There is no exact definition of physical pain or specific evidence required to prove physical pain. A jury has wide latitude on this issue and may simply infer the existence of physical pain in the event of a serious injury. Mental anguish is more than normal concern or worry and requires proof of a high degree of mental pain and anxiety to such an extent that it disrupts the victim’s life. Physical impairment damages are separate and distinct from the other elements and address the inability to engage in activities to such an extent that it causes a disruption of the victim’s former lifestyle. Physical impairment is distinct from the inability to continue in gainful employment and focuses on disability that results in a substantial disruption of a former lifestyle. Disfigurement, like physical pain, uses the ordinary meaning of the term and is a matter of degree with the jury having broad discretion. Medical care includes the reasonable and necessary medical expenses, both in the past and in the future, required to treat the accident related injuries. Loss of earning capacity is the inability to engage in gainful employment for which one is otherwise qualified. In most cases the amount of the injured person’s actual lost wages are submitted to the jury. However, someone who was between jobs, unemployed, on sabbatical, etc. would nonetheless be entitled to recover the reasonable amount of income which they could have earned during the period of accident related disability.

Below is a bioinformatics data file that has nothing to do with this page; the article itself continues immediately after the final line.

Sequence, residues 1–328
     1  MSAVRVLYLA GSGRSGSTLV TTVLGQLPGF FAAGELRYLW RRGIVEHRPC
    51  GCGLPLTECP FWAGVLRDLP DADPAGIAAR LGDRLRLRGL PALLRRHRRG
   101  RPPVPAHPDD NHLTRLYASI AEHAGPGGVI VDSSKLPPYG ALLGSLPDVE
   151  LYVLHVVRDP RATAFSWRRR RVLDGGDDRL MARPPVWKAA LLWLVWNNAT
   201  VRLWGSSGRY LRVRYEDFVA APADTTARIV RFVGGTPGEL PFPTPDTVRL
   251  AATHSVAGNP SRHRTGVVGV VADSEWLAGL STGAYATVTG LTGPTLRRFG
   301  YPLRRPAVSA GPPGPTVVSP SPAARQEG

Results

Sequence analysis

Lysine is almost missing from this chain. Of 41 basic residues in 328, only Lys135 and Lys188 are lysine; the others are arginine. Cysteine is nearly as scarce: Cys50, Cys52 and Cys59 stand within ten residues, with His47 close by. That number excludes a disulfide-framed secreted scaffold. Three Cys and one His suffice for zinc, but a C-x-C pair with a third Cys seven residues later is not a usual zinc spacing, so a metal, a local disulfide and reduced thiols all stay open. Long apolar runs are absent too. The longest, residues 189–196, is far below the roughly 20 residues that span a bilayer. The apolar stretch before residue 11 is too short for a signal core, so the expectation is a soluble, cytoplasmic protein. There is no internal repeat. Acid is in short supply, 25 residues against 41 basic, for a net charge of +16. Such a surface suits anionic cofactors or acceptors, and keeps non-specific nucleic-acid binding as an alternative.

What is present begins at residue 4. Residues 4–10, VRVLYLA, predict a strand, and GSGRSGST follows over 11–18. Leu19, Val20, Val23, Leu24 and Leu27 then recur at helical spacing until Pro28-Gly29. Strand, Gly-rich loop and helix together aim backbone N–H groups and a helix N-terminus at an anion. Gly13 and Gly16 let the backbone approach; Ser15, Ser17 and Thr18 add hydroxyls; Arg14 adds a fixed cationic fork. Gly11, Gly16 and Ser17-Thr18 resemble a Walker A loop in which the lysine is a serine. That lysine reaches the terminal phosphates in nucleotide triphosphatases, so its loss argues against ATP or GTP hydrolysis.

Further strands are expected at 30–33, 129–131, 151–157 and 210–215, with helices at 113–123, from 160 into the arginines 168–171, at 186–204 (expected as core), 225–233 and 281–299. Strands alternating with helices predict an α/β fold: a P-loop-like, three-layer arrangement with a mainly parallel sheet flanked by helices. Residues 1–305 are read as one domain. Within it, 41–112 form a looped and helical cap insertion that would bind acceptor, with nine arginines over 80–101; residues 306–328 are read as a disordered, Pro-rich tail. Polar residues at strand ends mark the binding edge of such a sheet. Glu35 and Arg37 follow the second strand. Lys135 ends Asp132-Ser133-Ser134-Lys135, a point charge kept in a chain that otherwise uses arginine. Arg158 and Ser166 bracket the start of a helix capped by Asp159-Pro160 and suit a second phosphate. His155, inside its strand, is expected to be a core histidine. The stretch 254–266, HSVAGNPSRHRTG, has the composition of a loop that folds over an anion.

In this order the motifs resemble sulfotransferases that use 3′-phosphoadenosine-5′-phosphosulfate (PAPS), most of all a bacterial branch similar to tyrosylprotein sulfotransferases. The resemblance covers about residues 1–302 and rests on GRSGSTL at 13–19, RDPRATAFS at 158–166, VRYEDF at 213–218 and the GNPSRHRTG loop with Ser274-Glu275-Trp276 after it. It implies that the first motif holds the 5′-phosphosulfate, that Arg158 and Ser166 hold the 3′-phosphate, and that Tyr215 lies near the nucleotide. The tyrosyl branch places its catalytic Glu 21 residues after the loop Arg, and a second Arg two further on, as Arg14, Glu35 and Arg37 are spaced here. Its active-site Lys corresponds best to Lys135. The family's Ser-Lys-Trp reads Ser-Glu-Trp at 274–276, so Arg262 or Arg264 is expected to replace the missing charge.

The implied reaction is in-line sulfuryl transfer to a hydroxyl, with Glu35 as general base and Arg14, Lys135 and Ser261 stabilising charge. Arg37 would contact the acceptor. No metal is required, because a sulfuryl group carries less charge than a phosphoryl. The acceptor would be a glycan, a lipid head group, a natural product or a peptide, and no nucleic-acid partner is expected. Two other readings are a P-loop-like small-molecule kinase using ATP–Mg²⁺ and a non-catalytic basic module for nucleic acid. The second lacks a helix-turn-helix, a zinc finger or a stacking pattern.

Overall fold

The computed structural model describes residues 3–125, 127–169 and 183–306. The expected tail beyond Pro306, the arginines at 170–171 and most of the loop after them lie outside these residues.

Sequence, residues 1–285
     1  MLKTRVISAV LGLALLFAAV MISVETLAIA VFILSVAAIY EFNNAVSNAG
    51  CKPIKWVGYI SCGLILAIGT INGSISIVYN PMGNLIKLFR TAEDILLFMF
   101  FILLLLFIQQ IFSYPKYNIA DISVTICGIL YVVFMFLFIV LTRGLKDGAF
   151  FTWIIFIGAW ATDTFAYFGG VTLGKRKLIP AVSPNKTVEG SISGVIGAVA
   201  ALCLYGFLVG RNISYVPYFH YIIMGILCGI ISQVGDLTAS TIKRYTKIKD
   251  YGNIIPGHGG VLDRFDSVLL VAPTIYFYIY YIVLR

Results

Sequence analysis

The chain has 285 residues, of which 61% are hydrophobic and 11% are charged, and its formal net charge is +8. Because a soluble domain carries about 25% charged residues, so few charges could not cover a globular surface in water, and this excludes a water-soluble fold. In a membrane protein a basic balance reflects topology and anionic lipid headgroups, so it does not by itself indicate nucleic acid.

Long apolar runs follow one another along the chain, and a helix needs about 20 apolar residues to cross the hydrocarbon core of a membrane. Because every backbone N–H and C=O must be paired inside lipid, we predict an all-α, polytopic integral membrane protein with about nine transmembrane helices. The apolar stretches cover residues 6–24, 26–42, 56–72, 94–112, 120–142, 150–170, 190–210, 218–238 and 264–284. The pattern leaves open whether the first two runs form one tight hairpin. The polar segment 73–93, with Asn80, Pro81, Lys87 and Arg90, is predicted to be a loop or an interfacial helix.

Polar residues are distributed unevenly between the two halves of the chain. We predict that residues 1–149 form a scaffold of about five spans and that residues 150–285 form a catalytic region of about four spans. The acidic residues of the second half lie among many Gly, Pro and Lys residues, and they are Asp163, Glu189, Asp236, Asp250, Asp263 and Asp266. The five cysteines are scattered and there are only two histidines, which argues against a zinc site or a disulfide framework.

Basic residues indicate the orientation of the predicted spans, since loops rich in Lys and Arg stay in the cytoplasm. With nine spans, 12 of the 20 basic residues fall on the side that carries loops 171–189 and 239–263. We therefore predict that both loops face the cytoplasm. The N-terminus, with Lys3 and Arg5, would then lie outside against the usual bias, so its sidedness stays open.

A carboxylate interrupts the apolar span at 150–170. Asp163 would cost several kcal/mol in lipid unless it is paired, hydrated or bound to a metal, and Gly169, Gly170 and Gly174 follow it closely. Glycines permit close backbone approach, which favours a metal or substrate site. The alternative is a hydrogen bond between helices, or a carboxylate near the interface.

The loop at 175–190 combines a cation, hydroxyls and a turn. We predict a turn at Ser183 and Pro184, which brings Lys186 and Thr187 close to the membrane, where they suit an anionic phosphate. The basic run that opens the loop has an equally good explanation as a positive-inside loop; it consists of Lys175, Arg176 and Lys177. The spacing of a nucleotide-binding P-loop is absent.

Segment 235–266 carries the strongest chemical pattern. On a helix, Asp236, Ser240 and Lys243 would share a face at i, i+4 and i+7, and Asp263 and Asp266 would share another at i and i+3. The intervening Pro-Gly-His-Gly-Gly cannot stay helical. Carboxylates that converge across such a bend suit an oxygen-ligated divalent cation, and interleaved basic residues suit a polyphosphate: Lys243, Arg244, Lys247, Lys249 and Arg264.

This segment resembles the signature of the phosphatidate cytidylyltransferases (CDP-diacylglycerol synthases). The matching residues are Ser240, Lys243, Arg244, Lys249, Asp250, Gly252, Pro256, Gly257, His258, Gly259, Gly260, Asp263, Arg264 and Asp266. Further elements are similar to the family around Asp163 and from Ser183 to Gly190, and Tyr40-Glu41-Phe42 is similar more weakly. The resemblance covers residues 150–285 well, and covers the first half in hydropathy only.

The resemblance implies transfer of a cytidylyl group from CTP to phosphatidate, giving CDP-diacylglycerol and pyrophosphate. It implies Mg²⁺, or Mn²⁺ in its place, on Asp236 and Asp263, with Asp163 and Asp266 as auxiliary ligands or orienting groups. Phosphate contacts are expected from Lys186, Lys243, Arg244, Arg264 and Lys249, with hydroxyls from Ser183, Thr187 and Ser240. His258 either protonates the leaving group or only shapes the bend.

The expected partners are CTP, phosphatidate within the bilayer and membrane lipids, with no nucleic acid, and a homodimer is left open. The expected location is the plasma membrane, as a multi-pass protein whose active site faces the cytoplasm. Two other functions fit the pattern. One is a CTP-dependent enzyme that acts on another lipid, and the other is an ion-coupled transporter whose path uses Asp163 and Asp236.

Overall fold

The spouse of an injured person also has a right to make a claim for loss of household services and consortium. Loss of household services includes the loss of domestic services and support. This element of damages is often used to recover additional expenses incurred in the home during a period of disability such as additional maid services. Loss of consortium includes the loss of care, comfort, society, emotional support, sexual relations, and companionship necessary to a successful marriage. While loss of consortium damages are technically available any time a spouse is injured most jurors tend to think that a certain amount of such damages are included in “for better or worse” and thus loss of consortium damages are usually only asserted where there are serious or disabling injuries to a spouse.
For more information contact a Tyler Injury Attorney today.